Good documentation helps small business customers prepare for audits

By Jim Conroy.

The 2022 Anti-Inflation Act, with its provision to add $80 billion in federal spending and potentially up to 87,000 additional IRS employees over the next 10 years, is of concern to many who wonder where these resources might be concentrated. Although the Treasury Department has stated that these resources would not be used to reinforce audit testing for small businesses and low-income individuals, it is always good business practice to ensure your clients are prepared for any scenario.

Karen Kerrigan, President and CEO of the Small Business and Entrepreneurship Council, said small businesses will be hit hardest because “tax data shows that these are small businesses with moderate means, not ‘the rich.’ are the ones most commonly attacked.” As great as the risk of being caught up in error or fraud, Kerrigan determined that the real burden would be on companies not being able to provide the necessary lawyers and accountants to hire what would be a direct drain on their business, a loss of productivity and anxiety.

In addition, the Tax Cuts and Jobs Act of 2017 treats small businesses and large businesses differently. “Pass-through” companies such as limited liability companies (LLCs), partnerships, S-corporations and sole proprietorships have the advantage of being taxed only once. However, some critics, such as Jim Blasingame of The Small Business Advocate radio showhave determined that the IRS has been given autonomy to determine which small businesses can receive the qualifying business deduction defined by this law.

If Kerrigan and other concerned parties are correct, accountants will be dragged into the coming decade as they will need to document their clients’ expenses as both the number and intensity of audits increase. As unfortunate as it is, you know that all too often small business customers neglect their bookkeeping, expense documentation, and other tax-related responsibilities.

The burden of an audit rests with the CPA, and it may not matter whether or not the CPA prepared the tax return in question. If so, you can be fairly certain that the required documentation is in place. They will continue to be tapped to help with audit preparation and participation. However, you could be overwhelmed by 16 tons of misrecorded documents, missing bills and receipts, and best estimates when a new client comes to you invited for an IRS audit. So now, before the next tax year starts and the IRS staff interviews roll in, now is the time to find the right tools to achieve the best possible outcome should your clients be caught in audits.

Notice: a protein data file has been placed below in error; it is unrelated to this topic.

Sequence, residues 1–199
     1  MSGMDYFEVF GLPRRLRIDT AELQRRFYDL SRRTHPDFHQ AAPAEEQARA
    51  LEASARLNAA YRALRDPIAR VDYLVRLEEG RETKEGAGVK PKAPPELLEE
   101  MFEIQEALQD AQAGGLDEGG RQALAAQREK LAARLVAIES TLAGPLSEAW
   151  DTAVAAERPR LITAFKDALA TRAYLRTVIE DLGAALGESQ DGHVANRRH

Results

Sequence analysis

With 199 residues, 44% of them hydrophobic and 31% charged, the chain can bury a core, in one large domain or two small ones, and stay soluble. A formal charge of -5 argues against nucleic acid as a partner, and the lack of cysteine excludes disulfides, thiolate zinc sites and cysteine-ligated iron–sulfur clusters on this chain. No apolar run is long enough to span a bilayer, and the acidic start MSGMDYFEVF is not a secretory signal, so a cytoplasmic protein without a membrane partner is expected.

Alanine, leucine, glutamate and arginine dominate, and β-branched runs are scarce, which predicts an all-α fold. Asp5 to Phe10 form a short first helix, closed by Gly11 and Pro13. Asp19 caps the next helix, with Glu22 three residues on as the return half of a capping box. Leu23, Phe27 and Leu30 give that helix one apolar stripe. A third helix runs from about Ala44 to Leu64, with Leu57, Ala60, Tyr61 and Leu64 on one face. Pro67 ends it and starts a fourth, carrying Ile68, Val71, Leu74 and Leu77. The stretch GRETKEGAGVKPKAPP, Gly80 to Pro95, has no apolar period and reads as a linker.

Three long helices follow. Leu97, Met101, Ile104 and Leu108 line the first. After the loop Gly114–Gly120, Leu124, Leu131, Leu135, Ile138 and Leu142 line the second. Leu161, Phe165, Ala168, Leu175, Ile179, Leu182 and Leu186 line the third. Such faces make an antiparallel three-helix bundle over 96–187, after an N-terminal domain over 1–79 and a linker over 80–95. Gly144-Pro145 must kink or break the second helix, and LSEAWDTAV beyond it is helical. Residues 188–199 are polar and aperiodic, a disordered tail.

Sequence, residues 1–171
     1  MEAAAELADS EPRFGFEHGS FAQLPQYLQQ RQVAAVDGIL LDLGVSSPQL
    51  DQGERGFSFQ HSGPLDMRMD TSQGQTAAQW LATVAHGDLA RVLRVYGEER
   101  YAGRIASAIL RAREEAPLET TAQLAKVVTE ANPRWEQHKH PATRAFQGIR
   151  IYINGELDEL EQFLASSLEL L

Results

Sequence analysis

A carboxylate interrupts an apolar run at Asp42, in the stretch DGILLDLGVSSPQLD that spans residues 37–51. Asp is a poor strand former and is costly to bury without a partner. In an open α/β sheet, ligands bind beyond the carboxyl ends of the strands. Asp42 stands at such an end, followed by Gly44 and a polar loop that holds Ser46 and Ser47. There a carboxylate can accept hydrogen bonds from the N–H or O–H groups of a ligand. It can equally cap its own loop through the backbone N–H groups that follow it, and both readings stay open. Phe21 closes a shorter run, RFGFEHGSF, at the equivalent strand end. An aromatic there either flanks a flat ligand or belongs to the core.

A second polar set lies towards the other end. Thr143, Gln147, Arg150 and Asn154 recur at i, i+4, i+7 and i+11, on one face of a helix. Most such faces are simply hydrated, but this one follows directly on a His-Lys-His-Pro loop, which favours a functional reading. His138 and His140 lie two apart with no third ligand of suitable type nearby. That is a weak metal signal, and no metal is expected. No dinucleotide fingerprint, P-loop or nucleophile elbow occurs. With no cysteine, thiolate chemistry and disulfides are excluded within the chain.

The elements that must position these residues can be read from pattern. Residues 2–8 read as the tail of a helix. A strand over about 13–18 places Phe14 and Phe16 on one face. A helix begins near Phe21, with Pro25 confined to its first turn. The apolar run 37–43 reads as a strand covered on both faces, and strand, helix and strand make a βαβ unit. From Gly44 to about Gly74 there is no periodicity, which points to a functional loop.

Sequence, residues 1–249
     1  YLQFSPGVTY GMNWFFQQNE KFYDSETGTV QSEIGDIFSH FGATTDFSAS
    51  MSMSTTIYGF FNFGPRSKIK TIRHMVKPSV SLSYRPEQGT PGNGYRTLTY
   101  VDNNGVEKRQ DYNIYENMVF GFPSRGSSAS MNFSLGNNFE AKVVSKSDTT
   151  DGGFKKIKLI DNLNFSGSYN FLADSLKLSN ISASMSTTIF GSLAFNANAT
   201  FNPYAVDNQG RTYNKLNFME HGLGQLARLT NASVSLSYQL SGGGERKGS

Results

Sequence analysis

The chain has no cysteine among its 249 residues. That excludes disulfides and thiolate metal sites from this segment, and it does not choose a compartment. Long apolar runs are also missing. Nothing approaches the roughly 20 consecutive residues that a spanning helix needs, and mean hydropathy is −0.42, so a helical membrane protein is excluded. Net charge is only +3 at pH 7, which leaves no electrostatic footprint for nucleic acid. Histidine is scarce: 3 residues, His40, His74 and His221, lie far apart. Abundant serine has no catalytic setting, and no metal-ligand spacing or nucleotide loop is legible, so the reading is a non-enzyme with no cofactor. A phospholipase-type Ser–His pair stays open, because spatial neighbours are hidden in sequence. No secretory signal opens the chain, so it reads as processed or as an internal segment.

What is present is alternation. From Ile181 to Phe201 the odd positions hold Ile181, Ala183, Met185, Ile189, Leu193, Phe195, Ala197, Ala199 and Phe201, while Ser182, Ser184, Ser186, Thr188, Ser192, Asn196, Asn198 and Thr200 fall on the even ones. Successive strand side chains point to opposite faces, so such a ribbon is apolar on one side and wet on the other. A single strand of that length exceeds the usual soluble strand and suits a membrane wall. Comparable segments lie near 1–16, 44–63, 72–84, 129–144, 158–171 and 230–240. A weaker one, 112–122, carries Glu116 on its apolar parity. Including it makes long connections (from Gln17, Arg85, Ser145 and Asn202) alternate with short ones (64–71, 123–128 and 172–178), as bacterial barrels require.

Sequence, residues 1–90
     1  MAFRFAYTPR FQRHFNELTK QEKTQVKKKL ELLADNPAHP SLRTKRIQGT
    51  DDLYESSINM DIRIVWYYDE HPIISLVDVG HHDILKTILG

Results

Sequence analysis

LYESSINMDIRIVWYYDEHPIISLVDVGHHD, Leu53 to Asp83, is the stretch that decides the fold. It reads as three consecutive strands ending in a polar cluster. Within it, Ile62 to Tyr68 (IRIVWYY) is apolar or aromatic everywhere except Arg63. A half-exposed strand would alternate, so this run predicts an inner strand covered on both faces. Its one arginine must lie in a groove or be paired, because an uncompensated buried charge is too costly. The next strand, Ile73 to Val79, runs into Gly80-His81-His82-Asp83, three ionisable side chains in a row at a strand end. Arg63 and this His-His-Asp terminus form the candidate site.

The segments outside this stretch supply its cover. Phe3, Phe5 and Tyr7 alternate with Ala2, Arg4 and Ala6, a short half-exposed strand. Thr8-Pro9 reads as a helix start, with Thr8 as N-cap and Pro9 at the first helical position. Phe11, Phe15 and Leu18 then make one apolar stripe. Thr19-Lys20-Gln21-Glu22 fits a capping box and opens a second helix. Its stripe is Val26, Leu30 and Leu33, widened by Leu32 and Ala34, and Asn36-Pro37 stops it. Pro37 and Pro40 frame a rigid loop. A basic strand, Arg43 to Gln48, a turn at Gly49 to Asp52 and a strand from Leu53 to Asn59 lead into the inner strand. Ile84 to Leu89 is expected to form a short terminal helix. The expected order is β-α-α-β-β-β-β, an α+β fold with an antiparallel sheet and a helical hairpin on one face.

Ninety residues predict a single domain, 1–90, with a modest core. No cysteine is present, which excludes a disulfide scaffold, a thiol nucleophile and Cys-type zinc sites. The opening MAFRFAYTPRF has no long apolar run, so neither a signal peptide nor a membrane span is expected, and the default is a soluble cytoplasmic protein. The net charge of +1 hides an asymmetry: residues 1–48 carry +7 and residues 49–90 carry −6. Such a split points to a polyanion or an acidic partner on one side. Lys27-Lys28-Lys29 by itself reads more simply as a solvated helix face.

For existing clients, reinforce any previous advice you gave them about what to pursue and when. Remind them that the future of their business depends on accuracy. Explain how an audit robs them of time that they could spend working on their business and that the more sloppy or incomplete their records are, the longer the process takes. Remind them that there are financial and sometimes criminal penalties for inaccurate tax returns, which can also put their business at risk. Also, remind them that accurate financial records offer other benefits that allow them to better grow their business through smart decisions based on real data and even improve their ability to secure funding from a lender.

At least make everyone’s life easier by making sure the customer knows what to record. This checklist can help the client cover the basics. Customers should avoid a shoe box or desk drawer. A system for recording their expenses as they arise is essential. Carefully organized businesses can use a spreadsheet for the same purpose. However, you and they should be skeptical about their reliability. Too many have learned over the years that items can be forgotten, typed in the wrong cell, added incorrectly, or accidentally overwritten.

Suggest customers have a simple tool that makes it easy to capture and organize financial documents in any format – scan paper, snap a photo with your phone, or capture email receipts directly into a financial management system as they become available. These platforms can even use artificial intelligence to allocate expenses to the right account once secured, making the task even easier. Your job as a CPA is to remind your customer to enter their invoices and receipts into the system consistently.

Only time will tell if the spine of small business in America will be broken by the government’s intention to arm the IRS. But even if the customers of competing accounting practices are harmed, your customers can be protected from harm if you insist they use the technology to capture the information you need to file an accurate tax return. Your exam will be uncomplicated when it happens and your work for them will be easier for you and your office.

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Jim Conroy is CEO of The nice company.

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